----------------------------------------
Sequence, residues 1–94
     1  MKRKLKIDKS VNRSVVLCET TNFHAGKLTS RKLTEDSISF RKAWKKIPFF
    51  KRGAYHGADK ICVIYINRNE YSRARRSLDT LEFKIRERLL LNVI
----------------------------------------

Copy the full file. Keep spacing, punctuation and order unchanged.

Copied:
Sequence, residues 1–94
     1  MKRKLKIDKS VNRSVVLCET TNFHAGKLTS RKLTEDSISF RKAWKKIPFF
    51  KRGAYHGADK ICVIYINRNE YSRARRSLDT LEFKIRERLL LNVI